Delayed Transfers of Care - where are we now?
Much like the fabled, Green Paper for Social Care, Delayed Transfers of Care seem to have been forgotten about. Only to be heard of in passing and used alongside much bigger stories but what should we take from this? Should we assume now that the problems have subsided and are under control? Should we take this as the delays have reduced and no longer cost the NHS nearly a billion a year? Or do we take it that other concerns have overshadowed those associated with Delayed Transfers of Care?
Will NHSx make a difference?
Sounding like an extra from the next Terminator film, the new NHS Unit (NHSx) has been tasked with, ‘Driving forward the digital transformation of health and social care’. A noble cause and one that we applaud. Fax machines belong in a museum and not within the confines of a modern healthcare organisation, especially one that deals with an average of a million patients every 36 hours.
The NHS is free and therefore, why is Social Care not?
We assume that social care will, much like the NHS be free throughout our lives and with this precedence that the NHS creates, it is an understandable assumption. We have this illusion shattered at a point in our lives. In this moment, we find out that in reality, social care is not free and it is a bone of contention that continues to follow successive governments.
Is the 350m in extra SEND funding enough to make a difference?
Local authorities across the country are battling against a consistent stem of cuts and an increase in demand. This is relevant within SEND and all other frontline services. Most headlines will showcase the difficulties that services are running through but few choose to showcase the strides that local authorities have made when it comes to reversing the effects of continual cuts.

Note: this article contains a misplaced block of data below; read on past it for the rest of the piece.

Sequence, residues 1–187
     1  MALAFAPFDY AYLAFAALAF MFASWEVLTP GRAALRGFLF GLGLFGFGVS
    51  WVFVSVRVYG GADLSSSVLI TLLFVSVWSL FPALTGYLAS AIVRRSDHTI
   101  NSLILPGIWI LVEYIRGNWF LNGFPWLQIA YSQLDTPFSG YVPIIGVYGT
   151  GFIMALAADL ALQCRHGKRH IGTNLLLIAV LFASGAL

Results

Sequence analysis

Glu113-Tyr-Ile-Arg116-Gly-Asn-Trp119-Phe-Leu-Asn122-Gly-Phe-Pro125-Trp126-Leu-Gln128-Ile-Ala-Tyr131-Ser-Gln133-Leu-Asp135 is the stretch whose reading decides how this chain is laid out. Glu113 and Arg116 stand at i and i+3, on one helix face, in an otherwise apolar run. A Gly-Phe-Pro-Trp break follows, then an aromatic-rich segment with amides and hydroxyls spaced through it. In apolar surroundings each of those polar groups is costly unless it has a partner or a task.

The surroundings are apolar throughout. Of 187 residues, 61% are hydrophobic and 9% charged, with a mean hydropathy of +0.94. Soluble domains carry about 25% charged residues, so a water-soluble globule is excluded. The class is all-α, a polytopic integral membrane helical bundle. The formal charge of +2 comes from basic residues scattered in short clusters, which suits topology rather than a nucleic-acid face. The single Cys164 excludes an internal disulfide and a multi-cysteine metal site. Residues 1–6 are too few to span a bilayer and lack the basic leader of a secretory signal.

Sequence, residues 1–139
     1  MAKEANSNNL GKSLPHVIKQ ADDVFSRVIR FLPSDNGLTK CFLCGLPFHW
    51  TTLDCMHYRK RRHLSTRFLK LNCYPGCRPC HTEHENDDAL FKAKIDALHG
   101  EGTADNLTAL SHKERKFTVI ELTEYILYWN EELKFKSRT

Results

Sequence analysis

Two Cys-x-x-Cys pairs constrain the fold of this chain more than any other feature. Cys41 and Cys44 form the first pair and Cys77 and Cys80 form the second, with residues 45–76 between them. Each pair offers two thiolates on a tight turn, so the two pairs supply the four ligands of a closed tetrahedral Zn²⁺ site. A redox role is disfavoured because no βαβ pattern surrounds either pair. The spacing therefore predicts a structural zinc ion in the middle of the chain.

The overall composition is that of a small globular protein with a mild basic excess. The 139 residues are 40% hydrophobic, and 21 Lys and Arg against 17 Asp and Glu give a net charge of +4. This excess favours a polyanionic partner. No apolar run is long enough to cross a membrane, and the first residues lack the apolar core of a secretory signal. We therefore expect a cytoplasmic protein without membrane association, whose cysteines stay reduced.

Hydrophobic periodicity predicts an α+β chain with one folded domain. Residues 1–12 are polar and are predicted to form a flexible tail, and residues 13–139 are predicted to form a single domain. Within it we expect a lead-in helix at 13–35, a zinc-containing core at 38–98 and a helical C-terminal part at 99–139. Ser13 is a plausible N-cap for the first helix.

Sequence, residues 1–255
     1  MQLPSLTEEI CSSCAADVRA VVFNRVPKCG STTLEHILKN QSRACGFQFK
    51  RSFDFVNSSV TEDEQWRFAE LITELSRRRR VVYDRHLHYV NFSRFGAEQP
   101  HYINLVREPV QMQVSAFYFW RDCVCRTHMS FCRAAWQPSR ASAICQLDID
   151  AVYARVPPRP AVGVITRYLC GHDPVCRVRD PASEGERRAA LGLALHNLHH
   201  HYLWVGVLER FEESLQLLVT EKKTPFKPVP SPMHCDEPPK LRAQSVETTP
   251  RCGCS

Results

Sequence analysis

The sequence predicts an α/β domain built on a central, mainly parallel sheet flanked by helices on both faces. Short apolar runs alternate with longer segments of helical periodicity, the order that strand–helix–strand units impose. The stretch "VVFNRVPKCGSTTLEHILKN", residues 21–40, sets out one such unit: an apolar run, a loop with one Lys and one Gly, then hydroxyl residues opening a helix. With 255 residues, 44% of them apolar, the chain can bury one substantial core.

SEND figures have increased for the third consecutive year in a row
For the third consecutive year running, the number of pupils with special education needs (SEND) has increased, moving from 14.6% to 14.9% at the start of this year. This headline figure has been garnered from the Department of Education and shows that more than 1.3 million pupils are now classed as having Special Education Needs.
Could instant messaging transform the school application experience on National Offer Day?
Over the past ten years I have seen technology grow at an astounding rate and I’m always interested in how we can apply this to improve the lives of Children and Families.
Tomorrow is National Offer Day, a day in which parents around the country receive the news they were looking for or dreading.
Children's Social Care
Birmingham Children’s Trust has launched with ECLIPSE from OLM
Birmingham City Council is the largest local authority in Europe. They represent the largest number of constituents as a single authority, at more than one million. With so many depending on them for such a wide range of services, they knew that they needed to look to technology in order to create efficiencies. This is where they found ECLIPSE and a means in which to effectively change their working practices.
OLM secures place on the G-Cloud 11 Framework
The UK Government G-Cloud Framework is an initiative targeted at easing procurement by public-sector bodies in departments of the United Kingdom Government of information technology services that use Cloud computing.
Angus Council are live with ECLIPSE
Angus Council’s ECLIPSE software goes live, enhancing systems of support for Children and Families.